“A completely innovative aspect is the agenda of analyzing media and citizenship in contemporary culture through the lens of play. Media studies, game studies, and cultural studies will benefit from this, as will political practice.” – Mathias Fuchs, principal investigator at the Centre for Digital Cultures at Leuphana University Lüneburg, editor of Rethinking Gamification

“What a splendid edited collection, a thoughtful and well-researched anthology that both summarizes the state of the art at the intersection between play and political theories, and presents insights on future lines of research.” – Miguel Sicart, professor at the IT University of Copenhagen, author of Play Matters

More info about the Games and Play book series, you can find here. Please have a look here if you would like to submit a book proposal.

Book: Gaming the Stage

Announcing Gina Bloom’s new book Gaming the Stage: Playable Media and the Rise of English Commercial Theater. Published by University of Michigan Press, it is also available open access.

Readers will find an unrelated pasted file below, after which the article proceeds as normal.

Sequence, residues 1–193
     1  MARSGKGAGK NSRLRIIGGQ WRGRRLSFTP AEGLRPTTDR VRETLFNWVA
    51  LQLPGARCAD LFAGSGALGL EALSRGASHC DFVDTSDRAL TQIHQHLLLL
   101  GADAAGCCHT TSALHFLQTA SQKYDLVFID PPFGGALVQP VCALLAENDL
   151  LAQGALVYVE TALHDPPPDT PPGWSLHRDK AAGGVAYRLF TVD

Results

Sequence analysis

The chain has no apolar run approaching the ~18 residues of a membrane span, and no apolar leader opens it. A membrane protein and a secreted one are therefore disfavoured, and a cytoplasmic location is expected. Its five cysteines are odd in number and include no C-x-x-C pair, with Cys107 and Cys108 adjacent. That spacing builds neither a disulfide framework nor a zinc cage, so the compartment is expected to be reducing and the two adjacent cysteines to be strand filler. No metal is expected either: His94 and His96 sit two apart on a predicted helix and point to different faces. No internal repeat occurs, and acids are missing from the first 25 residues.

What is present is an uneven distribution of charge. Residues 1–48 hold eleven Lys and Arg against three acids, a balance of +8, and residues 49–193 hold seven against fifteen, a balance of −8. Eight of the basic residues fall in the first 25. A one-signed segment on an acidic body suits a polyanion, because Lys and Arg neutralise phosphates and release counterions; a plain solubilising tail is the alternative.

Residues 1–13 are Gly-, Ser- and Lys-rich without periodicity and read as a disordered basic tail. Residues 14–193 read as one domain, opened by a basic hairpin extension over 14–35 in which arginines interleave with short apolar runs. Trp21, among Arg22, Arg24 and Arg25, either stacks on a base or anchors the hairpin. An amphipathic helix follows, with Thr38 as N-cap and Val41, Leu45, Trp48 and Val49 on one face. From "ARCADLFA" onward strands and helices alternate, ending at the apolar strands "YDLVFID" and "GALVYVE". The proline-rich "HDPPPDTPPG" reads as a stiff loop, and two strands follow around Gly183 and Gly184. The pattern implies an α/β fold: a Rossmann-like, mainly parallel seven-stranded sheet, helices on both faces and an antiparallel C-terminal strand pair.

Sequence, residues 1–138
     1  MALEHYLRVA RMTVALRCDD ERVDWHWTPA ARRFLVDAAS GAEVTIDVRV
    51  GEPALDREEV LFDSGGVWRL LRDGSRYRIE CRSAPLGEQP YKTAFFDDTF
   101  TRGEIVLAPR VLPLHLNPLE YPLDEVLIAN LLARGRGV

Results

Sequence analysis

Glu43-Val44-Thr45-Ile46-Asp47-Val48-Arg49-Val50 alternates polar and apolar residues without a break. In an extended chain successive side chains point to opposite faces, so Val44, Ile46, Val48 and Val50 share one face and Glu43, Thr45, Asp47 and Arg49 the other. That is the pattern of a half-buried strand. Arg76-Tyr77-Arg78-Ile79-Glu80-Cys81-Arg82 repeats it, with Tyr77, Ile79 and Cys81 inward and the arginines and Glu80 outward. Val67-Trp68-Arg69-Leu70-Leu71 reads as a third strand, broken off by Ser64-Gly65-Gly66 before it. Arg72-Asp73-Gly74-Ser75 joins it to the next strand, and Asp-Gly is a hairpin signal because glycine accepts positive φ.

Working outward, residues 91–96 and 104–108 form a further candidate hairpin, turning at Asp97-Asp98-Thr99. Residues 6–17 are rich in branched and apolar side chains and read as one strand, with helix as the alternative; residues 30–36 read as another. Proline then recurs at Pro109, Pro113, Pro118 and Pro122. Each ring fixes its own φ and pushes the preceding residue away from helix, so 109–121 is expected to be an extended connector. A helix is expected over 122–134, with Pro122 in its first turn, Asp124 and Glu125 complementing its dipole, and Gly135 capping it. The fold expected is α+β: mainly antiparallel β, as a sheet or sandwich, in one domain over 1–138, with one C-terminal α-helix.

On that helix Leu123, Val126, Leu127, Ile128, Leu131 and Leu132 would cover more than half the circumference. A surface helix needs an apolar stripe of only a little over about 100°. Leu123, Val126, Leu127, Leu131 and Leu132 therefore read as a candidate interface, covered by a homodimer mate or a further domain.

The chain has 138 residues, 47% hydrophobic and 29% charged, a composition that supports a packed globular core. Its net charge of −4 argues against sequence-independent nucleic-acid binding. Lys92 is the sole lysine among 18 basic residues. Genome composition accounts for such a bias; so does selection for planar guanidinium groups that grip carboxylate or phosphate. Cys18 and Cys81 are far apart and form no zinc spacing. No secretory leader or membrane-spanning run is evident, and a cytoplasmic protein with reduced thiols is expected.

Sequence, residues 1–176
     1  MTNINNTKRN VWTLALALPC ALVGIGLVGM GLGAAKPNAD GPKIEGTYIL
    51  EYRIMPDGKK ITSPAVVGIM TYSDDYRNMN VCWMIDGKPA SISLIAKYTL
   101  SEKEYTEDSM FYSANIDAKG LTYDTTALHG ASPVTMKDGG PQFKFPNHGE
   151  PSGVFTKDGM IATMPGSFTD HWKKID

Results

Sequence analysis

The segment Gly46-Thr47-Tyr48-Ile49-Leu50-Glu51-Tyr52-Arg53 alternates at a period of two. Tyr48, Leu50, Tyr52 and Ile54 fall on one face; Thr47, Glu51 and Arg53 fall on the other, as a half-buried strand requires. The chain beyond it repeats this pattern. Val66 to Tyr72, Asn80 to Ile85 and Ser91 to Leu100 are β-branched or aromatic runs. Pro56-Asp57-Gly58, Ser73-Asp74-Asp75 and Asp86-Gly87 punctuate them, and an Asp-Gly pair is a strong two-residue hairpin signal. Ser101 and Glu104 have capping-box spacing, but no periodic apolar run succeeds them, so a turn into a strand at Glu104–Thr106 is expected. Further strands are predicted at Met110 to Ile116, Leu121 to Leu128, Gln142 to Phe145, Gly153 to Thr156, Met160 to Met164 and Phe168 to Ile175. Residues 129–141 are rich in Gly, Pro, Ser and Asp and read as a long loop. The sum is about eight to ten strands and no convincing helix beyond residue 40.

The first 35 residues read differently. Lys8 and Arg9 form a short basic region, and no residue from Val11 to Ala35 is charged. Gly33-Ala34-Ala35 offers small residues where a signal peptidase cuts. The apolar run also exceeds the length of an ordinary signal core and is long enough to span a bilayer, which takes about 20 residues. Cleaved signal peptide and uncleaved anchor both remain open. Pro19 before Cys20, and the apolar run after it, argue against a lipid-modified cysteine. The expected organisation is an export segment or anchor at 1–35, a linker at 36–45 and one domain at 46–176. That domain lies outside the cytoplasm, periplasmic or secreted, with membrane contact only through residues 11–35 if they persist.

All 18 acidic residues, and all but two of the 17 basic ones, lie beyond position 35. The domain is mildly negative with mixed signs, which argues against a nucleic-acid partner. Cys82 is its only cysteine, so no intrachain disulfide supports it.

Rich connections between gaming and theater stretch back to the 16th and 17th centuries, when England’s first commercial theaters appeared right next door to gaming houses and blood-sport arenas. In the first book-length exploration of gaming in the early modern period, Gina Bloom shows that theaters succeeded in London’s new entertainment marketplace largely because watching a play and playing a game were similar experiences. Audiences did not just see a play; they were encouraged to play the play, and knowledge of gaming helped them become better theatergoers. Examining dramas written for these theaters alongside evidence of analog games popular then and today, Bloom argues for games as theatrical media and theater as an interactive gaming technology.